games, by appearing on several programs during the year, and by pro- 
viding the musical accompaniment for the annual May Day Fete. 
Membership in the band is determined by an applicant's ability on his 
instrument and by the needs of the band with respect to maintaining a 
well-balanced instrumental >n. 

Girls Band. This organization is open to girls of the Conservatory 
and College alike. Membership in this band is determined by the ap- 
plicant's ability on her instrument, and by the needs of the band with 
respect to maintaining a well-balanced instrumentation. The group will 
participate in a Spring concert. 

Symphony Orchestra. The Lebanon Valley College Symphony Or- 
chestra is a musical organization of symphonic proportions. Open 
alike to advanced players from the college and the conservatory, the 
orchestra adheres to a high standard of performance. Throughout the 
school year a professional interpretation of a wide range of standard 
orchestral literature is insisted upon. 

College Orchestra. The College Orchestra is open to all members 
of the Conservatory and College who are sufficiently qualified to belong 
to this organization. 

Glee Club. The Glee Club is a mixed chorus of selected voices. The 
personnel of the organization, while open to all L. V. C. students, is 
limited to forty members. During the Spring the club appears in con- 
certs in several communities throughout this section of Pennsylvania. 
Choral music of the highest type is used intensively. 

College Chorus. The mixed chorus is open to all on the campus 
who are interested in this type of musical performance and who have 
had some experience in sing.ng. 

Instrumental Ensembles. In addition to the larger musical organi- 
zations there is further opportunity for advanced players to try out for 
such ensembles as : 

(i) String Quartets (3) Brass Ensembles 

(2) Violin Choirs (4) Woodwind Ensembles 

Radio Broadcasting. Opportunity will be given to advanced music 
students and musical organizations for experience in broadcasting from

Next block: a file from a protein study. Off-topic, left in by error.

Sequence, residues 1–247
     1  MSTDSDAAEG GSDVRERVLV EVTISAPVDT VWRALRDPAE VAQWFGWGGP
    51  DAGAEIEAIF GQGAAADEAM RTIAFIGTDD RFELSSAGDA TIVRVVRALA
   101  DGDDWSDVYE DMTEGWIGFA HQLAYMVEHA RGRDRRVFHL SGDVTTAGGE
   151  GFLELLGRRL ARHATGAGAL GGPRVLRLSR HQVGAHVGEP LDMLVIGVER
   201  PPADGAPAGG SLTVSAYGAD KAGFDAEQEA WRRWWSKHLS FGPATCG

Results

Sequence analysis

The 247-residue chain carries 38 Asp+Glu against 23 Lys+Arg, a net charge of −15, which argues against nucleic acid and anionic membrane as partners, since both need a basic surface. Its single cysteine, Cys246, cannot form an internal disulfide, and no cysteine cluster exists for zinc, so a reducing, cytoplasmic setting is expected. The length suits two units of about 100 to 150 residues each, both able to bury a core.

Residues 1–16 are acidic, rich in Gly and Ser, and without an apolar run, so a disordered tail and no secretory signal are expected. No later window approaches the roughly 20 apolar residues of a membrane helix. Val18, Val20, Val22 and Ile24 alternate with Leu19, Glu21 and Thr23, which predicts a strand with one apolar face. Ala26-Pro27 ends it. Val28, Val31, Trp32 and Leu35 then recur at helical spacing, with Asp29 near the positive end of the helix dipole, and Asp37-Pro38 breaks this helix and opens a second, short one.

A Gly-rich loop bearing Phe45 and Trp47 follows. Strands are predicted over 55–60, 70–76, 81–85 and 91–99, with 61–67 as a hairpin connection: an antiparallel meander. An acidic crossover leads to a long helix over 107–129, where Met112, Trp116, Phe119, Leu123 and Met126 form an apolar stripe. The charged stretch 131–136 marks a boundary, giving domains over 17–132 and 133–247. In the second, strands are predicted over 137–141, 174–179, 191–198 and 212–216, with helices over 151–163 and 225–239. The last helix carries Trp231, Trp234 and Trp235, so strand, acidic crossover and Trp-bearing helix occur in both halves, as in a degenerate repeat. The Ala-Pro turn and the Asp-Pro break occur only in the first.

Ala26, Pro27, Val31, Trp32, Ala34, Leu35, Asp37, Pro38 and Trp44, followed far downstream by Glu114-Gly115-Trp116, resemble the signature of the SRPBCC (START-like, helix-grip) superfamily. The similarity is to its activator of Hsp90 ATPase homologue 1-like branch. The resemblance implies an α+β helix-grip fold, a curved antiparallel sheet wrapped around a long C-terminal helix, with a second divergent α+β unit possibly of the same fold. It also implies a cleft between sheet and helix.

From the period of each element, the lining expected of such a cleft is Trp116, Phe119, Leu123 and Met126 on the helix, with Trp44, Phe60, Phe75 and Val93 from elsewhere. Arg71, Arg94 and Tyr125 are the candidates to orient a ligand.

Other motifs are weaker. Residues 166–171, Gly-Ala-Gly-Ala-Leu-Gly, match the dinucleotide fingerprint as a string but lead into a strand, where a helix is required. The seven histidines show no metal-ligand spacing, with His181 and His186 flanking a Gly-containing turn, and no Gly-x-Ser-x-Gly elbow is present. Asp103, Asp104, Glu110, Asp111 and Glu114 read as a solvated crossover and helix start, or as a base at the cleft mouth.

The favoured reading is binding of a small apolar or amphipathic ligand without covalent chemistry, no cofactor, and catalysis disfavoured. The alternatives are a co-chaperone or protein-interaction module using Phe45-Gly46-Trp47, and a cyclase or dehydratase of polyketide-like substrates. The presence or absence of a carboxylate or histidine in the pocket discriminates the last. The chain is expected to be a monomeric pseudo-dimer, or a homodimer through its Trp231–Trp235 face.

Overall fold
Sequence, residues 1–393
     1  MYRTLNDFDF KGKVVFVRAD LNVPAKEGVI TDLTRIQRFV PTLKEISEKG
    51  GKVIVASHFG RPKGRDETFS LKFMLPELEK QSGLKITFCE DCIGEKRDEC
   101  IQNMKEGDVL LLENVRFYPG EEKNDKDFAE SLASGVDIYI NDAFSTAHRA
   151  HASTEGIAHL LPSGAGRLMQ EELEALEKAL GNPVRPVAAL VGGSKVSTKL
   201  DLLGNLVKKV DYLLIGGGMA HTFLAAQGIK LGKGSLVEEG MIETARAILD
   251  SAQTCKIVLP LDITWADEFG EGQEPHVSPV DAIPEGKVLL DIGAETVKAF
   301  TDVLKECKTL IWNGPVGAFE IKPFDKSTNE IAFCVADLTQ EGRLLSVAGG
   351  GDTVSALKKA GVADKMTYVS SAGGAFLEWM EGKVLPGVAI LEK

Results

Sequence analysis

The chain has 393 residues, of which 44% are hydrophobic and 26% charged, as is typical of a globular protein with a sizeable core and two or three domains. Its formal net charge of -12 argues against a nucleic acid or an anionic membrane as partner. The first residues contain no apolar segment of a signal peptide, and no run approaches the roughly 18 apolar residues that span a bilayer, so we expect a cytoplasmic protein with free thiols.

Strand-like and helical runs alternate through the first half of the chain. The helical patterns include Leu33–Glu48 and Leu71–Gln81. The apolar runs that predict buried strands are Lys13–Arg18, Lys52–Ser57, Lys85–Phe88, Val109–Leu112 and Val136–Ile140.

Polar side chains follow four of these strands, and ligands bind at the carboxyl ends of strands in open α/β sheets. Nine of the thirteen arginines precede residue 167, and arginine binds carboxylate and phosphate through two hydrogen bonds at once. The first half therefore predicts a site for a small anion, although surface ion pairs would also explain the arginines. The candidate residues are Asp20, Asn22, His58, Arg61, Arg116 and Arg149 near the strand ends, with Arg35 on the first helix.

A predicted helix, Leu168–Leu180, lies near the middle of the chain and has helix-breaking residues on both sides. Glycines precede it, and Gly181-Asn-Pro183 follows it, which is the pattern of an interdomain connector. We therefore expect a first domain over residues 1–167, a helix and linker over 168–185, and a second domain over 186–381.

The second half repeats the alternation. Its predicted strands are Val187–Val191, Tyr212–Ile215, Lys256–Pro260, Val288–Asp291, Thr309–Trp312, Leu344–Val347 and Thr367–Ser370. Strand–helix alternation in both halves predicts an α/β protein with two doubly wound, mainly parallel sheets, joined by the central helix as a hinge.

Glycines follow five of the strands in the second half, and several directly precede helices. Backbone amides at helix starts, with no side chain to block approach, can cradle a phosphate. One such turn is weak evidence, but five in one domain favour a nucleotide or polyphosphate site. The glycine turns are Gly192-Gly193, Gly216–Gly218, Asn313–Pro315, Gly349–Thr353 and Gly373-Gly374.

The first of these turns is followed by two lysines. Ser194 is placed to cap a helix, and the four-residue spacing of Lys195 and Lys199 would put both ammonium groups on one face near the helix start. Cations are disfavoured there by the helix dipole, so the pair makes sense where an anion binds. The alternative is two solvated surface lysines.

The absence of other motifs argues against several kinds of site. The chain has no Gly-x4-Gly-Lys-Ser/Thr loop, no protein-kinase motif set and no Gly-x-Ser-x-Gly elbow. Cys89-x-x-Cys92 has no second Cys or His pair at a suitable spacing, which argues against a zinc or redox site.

18 Lebanon Valley College Bulletin 

a recognized broadcasting station. This experience .will he offered at 
regular intervals throughout the school year. 

Applied Instruction 

Voice, Piano, Organ, Chorus, Orchestral and Band Instruments. 

The work in the foregoing fields will be organized from the stand- 
point of the development of musicianship in the individual student. The 
work continues through eight semesters and assures a well-rounded and 
many sided acquaintance with various musical techniques. 

Individual Instruction 
Private instruction is provided in Applied Music (Piano, Voice, Or- 
gan, Violin, and all instruments of orchestra or band.) 
Piano: Ruth Engle Bender, Xella Miller. 
Voice: Alexander Crawford. 
Organ : R. Porter Campbell. 
Violin : Harold Malsh. 

Instruments of Band and Orchestra : Edward P. Rutledge. 
Cello, Viola, String Bass : D. Clark Carmean. 
A bulletin describing courses in Practical Music will be sent upon 
application. 

Junior Department 

The Conservatory of Music sponsors a Junior Department especially 
adapted to children of Elementary or High School age. 

This Junior Department offers either private or class instruction in 
piano and all instruments of the band and orchestra. A desirable num- 
ber for class instruction is from four to six members. 

MUSIC AND THE A. B. DEGREE 

The College offers to students of exceptional merit the opportunity 
under careful guidance of arranging special electives either in work